President Biden sets the correct tone on climate change from the word “go”

The new administration has a mandate for responsible government, decency, and truth-telling. This can be encapsulated in its policies to deal with climate change. It enters office with, apparently, the largest collection of climate experts in history. This is good, because it is going to be tough to solve the climate change problem, which isContinue reading “President Biden sets the correct tone on climate change from the word “go””

Pathways to sustainable land use and food systems

by Ansa Heyl, International Institute for Applied Systems Analysis The findings of a new report by the Food, Agriculture, Biodiversity, Land-Use, and Energy (FABLE) Consortium, suggest that integrated strategies across food production, biodiversity, climate, and diets can meet the objectives of the Paris Agreement and the Sustainable Development Goals (SDGs). The second global report ofContinue reading “Pathways to sustainable land use and food systems”

The Atlantic tackles Cliodynamics with an interview of UConn professor Peter Turchin

“Peter Turchin, one of the world’s experts on pine beetles and possibly also on human beings, met me reluctantly this summer on the campus of the University of Connecticut at Storrs, where he teaches. Like many people during the pandemic, he preferred to limit his human contact. He also doubted whether human contact would haveContinue reading “The Atlantic tackles Cliodynamics with an interview of UConn professor Peter Turchin”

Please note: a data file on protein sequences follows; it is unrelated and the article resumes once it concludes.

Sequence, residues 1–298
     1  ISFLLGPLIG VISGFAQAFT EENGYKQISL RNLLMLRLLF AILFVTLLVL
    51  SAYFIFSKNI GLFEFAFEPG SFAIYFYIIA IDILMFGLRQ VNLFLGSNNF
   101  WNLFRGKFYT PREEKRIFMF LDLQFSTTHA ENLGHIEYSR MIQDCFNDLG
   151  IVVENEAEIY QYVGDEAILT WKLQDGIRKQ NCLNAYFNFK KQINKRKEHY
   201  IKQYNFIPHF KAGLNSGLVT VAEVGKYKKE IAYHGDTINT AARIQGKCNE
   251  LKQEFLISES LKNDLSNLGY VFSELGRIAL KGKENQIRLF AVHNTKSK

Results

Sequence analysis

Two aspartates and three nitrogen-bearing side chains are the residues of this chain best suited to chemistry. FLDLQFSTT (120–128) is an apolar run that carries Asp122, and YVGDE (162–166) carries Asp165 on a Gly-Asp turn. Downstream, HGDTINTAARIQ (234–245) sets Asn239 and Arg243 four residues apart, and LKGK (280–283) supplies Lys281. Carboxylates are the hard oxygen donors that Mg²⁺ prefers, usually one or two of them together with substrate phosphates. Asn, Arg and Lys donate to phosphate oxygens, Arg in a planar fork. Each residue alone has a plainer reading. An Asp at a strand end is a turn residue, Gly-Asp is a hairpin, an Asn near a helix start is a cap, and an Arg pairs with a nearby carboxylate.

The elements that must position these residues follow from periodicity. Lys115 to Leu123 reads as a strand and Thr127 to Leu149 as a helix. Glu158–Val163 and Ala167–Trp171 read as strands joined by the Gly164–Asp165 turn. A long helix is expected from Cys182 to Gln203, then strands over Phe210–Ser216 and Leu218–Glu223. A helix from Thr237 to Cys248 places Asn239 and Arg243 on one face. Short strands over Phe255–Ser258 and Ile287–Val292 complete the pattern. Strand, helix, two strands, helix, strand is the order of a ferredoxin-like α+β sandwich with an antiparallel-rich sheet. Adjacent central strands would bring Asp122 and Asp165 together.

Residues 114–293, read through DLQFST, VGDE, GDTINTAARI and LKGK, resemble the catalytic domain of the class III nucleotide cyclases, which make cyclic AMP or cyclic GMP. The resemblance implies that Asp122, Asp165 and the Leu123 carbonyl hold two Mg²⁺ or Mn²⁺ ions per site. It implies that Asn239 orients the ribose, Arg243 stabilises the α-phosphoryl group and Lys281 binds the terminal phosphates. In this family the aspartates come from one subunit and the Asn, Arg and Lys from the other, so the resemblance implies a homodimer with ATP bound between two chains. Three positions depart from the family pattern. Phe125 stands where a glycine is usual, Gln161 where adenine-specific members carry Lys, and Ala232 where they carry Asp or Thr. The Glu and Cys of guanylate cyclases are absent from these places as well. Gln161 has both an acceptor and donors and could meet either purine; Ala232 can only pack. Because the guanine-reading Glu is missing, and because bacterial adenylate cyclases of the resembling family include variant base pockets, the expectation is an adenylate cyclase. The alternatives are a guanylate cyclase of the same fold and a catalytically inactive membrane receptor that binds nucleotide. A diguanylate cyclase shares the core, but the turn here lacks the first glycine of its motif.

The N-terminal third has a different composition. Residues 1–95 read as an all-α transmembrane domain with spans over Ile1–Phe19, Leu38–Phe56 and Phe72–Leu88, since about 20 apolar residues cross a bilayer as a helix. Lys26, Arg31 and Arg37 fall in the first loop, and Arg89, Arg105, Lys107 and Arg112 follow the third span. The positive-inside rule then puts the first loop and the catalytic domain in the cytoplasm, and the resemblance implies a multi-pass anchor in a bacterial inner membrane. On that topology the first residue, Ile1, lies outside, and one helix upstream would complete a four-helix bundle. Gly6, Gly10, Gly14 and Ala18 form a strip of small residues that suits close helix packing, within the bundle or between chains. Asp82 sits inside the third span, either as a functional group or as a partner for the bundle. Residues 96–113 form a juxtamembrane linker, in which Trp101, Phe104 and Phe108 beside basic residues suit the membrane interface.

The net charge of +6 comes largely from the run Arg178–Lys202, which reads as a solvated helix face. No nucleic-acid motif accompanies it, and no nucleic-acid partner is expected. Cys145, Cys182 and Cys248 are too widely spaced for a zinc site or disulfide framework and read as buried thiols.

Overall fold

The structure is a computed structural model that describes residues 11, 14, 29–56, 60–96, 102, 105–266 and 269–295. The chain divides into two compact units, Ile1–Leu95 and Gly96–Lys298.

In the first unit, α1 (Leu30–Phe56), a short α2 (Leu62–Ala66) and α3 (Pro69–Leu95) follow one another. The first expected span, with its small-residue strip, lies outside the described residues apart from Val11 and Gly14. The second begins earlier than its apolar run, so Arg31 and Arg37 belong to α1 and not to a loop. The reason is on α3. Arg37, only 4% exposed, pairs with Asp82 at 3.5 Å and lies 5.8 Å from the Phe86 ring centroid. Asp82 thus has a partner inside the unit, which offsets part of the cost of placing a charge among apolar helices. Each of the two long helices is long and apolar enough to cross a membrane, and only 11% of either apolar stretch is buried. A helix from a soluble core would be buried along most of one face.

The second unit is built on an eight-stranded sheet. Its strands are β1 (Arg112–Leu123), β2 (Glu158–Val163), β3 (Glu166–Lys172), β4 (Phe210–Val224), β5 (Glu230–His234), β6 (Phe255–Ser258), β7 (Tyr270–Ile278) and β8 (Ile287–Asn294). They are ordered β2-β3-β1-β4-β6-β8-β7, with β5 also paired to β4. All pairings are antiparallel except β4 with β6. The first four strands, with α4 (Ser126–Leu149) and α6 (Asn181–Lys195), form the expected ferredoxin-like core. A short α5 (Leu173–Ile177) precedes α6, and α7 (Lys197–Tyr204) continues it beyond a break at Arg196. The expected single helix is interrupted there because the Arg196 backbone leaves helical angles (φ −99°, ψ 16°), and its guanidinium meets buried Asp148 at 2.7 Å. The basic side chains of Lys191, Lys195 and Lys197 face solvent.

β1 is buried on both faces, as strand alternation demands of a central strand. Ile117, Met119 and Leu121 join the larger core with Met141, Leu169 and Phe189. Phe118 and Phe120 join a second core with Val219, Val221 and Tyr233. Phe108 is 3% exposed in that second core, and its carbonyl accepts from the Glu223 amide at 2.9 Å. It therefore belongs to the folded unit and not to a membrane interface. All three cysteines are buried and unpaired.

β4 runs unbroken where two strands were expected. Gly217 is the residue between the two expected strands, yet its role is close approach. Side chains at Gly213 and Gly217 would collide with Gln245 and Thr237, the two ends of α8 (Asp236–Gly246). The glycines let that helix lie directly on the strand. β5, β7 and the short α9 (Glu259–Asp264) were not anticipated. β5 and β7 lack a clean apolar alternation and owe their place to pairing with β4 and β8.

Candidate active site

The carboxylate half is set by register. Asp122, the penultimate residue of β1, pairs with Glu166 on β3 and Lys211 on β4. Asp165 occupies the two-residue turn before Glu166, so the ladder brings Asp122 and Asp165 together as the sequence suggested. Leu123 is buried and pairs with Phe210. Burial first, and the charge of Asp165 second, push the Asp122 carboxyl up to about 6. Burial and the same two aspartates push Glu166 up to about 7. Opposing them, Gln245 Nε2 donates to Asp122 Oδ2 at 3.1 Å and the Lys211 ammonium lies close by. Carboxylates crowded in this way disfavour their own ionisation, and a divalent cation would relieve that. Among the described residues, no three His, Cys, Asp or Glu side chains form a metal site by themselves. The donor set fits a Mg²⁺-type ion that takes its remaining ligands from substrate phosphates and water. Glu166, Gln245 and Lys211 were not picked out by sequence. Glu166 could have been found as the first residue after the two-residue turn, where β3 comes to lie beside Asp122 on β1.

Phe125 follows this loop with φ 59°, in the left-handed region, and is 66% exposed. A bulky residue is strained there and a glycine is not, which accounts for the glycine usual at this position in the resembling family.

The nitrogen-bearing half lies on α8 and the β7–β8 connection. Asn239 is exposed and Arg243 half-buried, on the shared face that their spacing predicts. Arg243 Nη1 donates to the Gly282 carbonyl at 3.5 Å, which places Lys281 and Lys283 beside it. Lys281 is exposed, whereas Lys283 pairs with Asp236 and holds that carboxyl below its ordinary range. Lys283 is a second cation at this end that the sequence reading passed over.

Fires of the present and past

It’s no secret that we’ve been having some unusual weather recently throughout the western United States. I wrote previously that we should and do expect fire in California; that fire is a natural feature of the ecosystem here and there are many plants (and presumably animals) evolved to take advantage of periodic and spontaneous wildfires.Continue reading “Fires of the present and past”